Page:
Cultured Magazine

Fall 2015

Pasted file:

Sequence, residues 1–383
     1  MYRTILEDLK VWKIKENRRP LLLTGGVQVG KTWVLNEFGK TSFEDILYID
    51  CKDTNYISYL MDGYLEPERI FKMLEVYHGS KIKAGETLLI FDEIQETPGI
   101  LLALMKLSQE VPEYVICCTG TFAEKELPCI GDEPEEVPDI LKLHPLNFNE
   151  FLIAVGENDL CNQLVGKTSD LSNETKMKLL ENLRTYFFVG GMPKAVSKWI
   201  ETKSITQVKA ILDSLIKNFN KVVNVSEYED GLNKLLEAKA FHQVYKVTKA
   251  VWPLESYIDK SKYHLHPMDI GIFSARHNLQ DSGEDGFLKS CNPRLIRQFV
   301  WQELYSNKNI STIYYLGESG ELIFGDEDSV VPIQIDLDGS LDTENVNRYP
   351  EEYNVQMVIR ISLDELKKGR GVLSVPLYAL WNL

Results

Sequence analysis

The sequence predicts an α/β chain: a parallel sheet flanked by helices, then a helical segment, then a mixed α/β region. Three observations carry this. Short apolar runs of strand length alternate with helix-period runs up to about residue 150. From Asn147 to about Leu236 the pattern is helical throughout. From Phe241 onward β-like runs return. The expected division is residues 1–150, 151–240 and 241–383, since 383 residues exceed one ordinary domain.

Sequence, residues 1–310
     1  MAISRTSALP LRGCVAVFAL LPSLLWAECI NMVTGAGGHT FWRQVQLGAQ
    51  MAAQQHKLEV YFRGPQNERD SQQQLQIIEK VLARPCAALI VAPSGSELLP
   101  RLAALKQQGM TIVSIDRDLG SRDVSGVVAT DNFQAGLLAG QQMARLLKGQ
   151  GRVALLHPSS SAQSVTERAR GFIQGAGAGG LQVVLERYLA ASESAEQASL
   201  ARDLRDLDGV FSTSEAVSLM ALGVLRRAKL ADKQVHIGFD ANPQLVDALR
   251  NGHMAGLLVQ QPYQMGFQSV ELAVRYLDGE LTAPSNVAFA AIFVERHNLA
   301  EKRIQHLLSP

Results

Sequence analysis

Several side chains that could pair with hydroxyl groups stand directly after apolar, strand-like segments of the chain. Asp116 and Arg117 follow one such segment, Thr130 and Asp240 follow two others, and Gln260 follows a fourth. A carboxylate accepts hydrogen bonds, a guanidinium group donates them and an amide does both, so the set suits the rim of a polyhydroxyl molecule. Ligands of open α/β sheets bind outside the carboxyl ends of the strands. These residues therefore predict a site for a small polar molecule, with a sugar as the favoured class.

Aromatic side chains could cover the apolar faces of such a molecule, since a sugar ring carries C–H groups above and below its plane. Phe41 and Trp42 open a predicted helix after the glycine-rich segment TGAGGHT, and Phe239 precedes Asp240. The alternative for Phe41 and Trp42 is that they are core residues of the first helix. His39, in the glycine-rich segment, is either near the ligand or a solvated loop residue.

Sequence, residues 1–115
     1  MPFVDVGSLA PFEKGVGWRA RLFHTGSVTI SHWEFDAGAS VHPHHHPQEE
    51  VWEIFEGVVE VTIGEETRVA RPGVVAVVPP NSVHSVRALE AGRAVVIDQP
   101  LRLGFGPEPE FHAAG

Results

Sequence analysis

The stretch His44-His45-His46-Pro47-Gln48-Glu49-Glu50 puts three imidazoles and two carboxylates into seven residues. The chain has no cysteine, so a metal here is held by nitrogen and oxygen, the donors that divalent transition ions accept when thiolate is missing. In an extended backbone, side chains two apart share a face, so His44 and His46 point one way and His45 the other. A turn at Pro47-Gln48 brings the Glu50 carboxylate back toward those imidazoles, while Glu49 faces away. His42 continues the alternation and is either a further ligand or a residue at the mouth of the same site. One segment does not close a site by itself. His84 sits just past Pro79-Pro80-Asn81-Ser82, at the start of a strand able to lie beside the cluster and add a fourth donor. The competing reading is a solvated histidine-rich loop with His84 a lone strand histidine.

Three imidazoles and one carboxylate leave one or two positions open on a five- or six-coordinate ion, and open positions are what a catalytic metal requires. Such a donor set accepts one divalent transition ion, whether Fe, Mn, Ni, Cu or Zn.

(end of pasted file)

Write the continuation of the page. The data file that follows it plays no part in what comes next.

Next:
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206 CULTURED FLASH DRIVE Fourteen years after opening her first New York gallery on the Lower East Side, dealer Michele Maccarone replaces grit with glamour at her new Los Angeles art compound. BY ALIX BROWNE PORTRAIT BY ELENA DORFMAN W hen New York gallerist Michele Maccarone decided to open an outpost in Los Angeles, one of the things she knew that she was going to need was a car. In her mind, she had something unflashy and dependable, say, a Subaru Outback in dark gray. But a friend in the entertainment business insisted she speak to the friend's Car Guy (yes, that is a job in L.A.), who after listening to her automotive needs and taking into account the particularities of her impending West Coast lifestyle (How far do you drive? Do you surf? Do you have a dog?), selected what he deemed the perfect car for her. "I fly to L.A., open the garage and discover he got me an Audi Allroad," Maccarone tells me early one August morning, as we sat in the office of her New York gallery on Greenwich Street in the West Village. "Apparently, that's my profile. But I still think I should have gotten an Outback," she says. The L.A. gallery Maccarone also had in mind was intended to be similarly Subaru-esque. She had signed a lease on a section of a former warehouse on South Mission Road, just down the block from Laura Owens and Gavin Brown, thinking that the painter and Maccarone artist Alex Hubbard could use the space as a studio for a year or two, and when he was done, they would clear it out and show the work he had made there. But it wasn't long before the landlord offered Maccarone the entire building. And then the lot next door suddenly became available. "So then greedy, real estate maven Maccarone got her hands on that, too," she says laughing. Needless to say, the gallery, which opened September 19 with "Basic Perversions," a solo exhibition of new paintings by Hubbard, ended up being substantially larger and, well, grander in every sense of the word. In fact, at 50,000 square feet, it's less of a gallery than a compound, with dedicated studios not only for Hubbard, but also for Oscar Tuazon, another L.A.-based artist, as well as an exhibition space, an additional 15,000-square-foot outdoor exhibition space that is being engineered for heavy, large-scale sculptures and a 2,000-square- foot "apartment" where Maccarone imagines throwing intimate dinners or other more domestically scaled events. According to Maccarone, who enlisted L.A. architecture firm Standard to design the vast space, "the whole thing is wildly over budget." She is quick to add, "There was a moment when we were going to do a very basic renovation and then it seemed not in tune with where my brain was. Those days of Canal Street and going to Home Depot myself and spending $4,000 renovating an entire building—those days are over," Maccarone says, referring to the first gallery she opened, almost guerrilla-style, on the Lower East Side in 2001. "I need to understand the seriousness at which my gallery is being taken

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